Ricoh 35 EFS

Introduction

My lightly worn Ricoh 35 EFS, resting atop a cable release.
My lightly worn Ricoh 35 EFS, resting atop a cable release.

The Ricoh 35 EFS is a compact film camera with a scale focusing 40 mm f/2.8 lens. Exposure is automatic, with a fixed shutter speed of 1/125 s, and an aperture which varies according to the light hitting the metering cell above the front lens element. It’s simple and error-prone, but used with care, can yield decent photos.

Shelf Life

The Ricoh lives on my shelf for two reasons: sentimental value, and fragility.

Mount Cook area, from The Hermitage. I can't remember anything beyond this; it's been more than 10 years.
Mount Cook area, from The Hermitage. I can’t remember anything beyond this; it’s been more than 10 years.

This camera belonged to my late grandmother, who gave it to me for Christmas when I was 11. It’s also the camera I used on my first overseas trip, my first school camps, and through my first couple of years of high school. For these, and many other reasons, it’s a large part of my photographic history, which I can’t bear to part with.

Waldronville Lagoon, viewed from the gun club at sunrise.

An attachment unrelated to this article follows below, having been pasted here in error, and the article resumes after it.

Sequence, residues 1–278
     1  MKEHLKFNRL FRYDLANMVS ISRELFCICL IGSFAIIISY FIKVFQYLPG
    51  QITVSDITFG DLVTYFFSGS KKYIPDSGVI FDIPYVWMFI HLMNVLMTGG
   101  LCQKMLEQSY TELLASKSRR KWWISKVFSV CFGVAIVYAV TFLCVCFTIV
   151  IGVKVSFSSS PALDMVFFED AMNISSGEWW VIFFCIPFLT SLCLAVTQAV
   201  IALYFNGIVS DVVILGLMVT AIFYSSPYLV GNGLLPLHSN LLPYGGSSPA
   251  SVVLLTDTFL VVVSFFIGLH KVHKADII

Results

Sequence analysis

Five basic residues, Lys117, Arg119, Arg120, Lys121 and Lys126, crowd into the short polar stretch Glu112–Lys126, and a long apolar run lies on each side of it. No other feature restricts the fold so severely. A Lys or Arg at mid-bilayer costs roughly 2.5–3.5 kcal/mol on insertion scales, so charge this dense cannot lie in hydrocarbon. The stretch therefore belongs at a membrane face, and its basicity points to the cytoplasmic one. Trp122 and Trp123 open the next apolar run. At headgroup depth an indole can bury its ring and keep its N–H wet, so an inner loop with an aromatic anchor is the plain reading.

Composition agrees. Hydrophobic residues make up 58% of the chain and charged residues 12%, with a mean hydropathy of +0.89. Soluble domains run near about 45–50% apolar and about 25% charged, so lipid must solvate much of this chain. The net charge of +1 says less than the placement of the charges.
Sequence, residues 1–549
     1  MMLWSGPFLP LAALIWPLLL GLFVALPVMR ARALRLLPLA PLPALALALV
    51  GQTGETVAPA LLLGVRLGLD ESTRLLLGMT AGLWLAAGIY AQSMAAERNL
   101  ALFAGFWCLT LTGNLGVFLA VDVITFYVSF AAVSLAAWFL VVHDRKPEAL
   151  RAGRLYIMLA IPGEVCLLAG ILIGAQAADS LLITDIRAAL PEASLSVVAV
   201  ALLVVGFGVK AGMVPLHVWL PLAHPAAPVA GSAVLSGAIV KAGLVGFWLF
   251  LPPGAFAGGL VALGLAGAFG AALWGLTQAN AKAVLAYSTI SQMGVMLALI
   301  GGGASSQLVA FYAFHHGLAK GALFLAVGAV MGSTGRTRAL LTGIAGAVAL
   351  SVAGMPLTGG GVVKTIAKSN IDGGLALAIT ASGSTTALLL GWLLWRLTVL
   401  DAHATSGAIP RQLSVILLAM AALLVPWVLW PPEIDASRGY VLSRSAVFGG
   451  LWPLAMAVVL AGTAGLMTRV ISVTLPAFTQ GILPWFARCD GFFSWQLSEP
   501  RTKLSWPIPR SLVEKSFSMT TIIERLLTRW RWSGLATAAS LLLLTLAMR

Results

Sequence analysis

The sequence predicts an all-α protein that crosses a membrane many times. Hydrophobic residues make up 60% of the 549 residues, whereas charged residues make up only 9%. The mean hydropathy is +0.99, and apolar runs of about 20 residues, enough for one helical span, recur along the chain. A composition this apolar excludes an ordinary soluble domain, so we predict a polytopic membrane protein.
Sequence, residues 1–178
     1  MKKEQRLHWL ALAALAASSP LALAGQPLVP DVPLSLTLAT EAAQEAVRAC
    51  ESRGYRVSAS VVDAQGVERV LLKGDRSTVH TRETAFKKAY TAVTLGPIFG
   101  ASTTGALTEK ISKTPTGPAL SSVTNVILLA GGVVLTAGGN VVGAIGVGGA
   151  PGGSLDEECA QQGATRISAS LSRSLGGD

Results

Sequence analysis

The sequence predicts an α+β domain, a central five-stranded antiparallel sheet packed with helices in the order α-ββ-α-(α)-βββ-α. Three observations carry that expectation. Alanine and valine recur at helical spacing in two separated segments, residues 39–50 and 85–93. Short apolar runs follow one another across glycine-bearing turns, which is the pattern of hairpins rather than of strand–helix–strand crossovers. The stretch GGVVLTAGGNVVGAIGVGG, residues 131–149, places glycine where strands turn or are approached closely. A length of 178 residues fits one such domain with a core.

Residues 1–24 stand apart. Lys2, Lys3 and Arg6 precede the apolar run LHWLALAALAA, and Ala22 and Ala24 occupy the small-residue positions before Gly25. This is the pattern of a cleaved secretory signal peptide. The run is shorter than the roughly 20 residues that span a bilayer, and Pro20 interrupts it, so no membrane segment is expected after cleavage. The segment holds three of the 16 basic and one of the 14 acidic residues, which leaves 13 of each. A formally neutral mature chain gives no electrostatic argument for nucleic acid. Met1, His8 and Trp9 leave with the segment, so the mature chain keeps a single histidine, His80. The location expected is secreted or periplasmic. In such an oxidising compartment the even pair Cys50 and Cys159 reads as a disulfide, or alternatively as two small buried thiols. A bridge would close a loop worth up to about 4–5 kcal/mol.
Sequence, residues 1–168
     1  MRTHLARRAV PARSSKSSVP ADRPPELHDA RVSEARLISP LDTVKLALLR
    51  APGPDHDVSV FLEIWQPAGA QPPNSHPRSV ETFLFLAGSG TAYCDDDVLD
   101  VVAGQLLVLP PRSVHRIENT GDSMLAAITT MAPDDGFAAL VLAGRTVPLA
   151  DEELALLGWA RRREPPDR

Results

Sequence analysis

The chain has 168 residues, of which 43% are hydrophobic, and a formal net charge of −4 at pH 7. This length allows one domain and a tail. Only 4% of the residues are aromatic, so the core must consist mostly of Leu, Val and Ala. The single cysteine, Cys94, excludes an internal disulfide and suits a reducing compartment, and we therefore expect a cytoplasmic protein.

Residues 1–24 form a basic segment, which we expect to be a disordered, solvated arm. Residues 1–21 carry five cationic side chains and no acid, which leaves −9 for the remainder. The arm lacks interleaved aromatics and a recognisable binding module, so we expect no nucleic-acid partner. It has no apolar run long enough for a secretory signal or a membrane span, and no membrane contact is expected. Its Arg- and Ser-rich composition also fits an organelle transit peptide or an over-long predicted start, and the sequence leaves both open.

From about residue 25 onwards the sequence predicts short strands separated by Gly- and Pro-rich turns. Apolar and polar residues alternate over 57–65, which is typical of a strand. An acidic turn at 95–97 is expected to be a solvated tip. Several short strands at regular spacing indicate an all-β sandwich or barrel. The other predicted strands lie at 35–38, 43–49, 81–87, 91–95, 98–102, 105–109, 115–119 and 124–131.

Waldronville Lagoon, viewed from the gun club at sunrise.

After its first trip to Cambodia, the base plate cracked where the battery for the flash is inserted. Fearful that further use may exacerbate the situation, I opted to retire it, before it became a pile of bits with a lot of memories attached. Fortunately, the electrical tape I repaired it with almost ten years ago is still holding.

Somewhere near Berwick and the Sinclair Wetlands. The road comes out at Clarendon.
Somewhere between Berwick and the Sinclair Wetlands. The road comes out at Clarendon.

Overall

Fragility and error-proneness aside, it’s been a good camera to me. Once I got the hang of scale focusing, photos were sharp. Exposure has never really been an issue, aside from the limitations of that fixed shutter speed when the light starts fading.

As much as I’d like to sit here and recommend it as a user, I can’t; it’s at the age, and level of plastic construction, where regular use is simply going to accelerate an untimely demise. However, as a display piece, or something for an outing once in a blue moon, I’d say it’s a pretty good bet.

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